The nineteen fifties were an exuberant decade. Wildly optimistic one-of-a-kind dream cars graced car show stages, magazine spreads, and movies. Audiences would “oo” and “ah” over Detroit’s futuristic dreams, then spend their money on more pedestrian Bel Air and Fairlane sedans. Cadillac introduced their 1957 Eldorado Brougham, a special hand built dreamboat that cost more than most people made in a year, but affordable dream cars didn’t exist, not until Mercury introduced the fabulous Turnpike Cruiser. It was preceded by a concept car with the same name that was introduced at the 1956 Detroit Auto Show.
The Turnpike Cruiser stood out, even in an era of wildly over-styled, chrome bedecked, finned fantasies. Its windshield was topped by working ventilation pods, each of which sported its own radio antenna. The car’s back window rolled down at the push of a button, creating flow-through ventilation from the front pods. It boasted a powerful V8 engine, power seats with memory function (all but unheard of then), and a push button automatic transmission. Other special features included a padded dashboard, a tachometer, and a special steering wheel with a flat top for a better view of the road. They were really trying, but the public wasn’t buying.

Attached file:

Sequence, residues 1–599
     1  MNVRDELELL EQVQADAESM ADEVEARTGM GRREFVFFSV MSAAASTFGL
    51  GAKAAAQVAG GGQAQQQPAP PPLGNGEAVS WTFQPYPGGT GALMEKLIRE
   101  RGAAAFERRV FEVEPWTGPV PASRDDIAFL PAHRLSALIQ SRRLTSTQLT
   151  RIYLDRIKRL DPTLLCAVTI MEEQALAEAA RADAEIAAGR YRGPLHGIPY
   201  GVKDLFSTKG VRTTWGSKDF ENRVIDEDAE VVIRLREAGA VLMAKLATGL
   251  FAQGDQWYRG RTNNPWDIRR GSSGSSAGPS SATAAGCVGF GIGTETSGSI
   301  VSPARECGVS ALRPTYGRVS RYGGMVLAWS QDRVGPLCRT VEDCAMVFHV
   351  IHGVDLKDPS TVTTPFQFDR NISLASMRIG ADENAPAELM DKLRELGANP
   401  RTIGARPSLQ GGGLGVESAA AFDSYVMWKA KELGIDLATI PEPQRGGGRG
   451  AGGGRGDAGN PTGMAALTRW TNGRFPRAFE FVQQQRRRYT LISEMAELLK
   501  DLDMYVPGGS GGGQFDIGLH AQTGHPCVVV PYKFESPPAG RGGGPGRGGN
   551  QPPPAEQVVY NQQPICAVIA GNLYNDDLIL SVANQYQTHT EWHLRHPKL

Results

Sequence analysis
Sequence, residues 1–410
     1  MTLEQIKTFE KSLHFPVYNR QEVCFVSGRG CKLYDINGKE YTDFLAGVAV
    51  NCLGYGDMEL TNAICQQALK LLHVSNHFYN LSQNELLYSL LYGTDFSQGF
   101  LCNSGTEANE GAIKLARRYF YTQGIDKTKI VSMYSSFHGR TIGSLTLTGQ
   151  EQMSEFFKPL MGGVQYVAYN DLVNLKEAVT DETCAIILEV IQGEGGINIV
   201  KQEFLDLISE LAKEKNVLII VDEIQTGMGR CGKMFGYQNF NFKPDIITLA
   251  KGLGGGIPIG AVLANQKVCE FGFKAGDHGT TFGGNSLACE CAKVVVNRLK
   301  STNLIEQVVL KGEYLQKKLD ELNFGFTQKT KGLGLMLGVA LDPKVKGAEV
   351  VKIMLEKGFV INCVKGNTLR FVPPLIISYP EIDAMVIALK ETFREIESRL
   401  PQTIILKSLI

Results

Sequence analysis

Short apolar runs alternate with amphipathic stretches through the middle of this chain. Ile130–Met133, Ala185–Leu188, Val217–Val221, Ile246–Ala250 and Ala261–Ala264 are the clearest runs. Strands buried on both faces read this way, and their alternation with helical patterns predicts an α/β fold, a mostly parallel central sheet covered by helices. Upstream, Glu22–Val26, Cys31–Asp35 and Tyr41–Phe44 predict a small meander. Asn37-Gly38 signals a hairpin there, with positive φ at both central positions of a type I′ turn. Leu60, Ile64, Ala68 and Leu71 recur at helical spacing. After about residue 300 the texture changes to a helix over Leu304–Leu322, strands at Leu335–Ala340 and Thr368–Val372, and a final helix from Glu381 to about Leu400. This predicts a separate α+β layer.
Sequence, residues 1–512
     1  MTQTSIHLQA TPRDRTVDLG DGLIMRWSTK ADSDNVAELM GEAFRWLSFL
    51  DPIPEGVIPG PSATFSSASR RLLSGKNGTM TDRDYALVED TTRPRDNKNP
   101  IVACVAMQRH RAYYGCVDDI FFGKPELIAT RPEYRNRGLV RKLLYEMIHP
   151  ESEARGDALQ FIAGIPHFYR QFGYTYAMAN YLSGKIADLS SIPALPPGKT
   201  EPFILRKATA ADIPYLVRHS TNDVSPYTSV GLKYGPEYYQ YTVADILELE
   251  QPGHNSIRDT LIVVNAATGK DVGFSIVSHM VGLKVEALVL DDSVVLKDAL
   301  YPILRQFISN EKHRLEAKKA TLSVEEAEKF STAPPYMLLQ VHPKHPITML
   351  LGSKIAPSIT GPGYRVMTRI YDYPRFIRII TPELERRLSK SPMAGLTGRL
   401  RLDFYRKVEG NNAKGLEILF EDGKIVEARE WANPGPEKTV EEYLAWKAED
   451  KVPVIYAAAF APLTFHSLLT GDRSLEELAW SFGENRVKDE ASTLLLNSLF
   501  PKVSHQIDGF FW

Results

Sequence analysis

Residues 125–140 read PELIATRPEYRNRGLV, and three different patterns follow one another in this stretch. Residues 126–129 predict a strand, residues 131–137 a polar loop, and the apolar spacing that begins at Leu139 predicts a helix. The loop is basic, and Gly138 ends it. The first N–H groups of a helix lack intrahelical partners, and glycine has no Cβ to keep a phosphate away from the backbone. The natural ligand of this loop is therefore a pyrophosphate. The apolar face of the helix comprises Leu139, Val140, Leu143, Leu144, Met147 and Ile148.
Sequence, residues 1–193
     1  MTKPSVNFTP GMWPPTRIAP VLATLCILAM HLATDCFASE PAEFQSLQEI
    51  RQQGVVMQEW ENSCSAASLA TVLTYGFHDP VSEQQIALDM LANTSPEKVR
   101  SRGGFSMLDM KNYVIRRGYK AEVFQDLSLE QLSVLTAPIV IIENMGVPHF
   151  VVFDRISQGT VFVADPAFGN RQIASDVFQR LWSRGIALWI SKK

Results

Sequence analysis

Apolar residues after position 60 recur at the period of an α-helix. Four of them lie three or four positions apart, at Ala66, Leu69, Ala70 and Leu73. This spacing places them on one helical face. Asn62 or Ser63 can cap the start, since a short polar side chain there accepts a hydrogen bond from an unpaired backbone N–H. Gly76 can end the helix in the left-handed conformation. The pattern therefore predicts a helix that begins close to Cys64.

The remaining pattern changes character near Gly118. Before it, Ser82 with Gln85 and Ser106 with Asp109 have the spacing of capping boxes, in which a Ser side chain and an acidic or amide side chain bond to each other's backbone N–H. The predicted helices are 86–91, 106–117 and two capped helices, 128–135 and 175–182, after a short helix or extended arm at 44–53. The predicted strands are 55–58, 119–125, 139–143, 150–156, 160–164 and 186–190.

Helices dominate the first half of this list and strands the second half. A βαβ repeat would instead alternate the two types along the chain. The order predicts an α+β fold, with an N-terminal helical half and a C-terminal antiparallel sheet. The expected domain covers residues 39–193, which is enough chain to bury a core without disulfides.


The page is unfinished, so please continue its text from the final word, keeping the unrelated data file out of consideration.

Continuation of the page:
Available in sedan, coupe, and convertible versions, sales for 1957 topped out at a mere 16,861 units. The auto industry suffered a slump in the recession year of 1958 and just 6,407 Turnpike Cruisers were produced. For its 1959 model roll out, Mercury pulled the plug on its daring experiment, creating what is now a sought after collectable. The Turnpike Cruiser’s extreme features and space age style ensure its place in the pantheon of space age car design.
Sadly, few Turnpike Cruisers have survived, though rare survivors sometimes appear at classic car shows.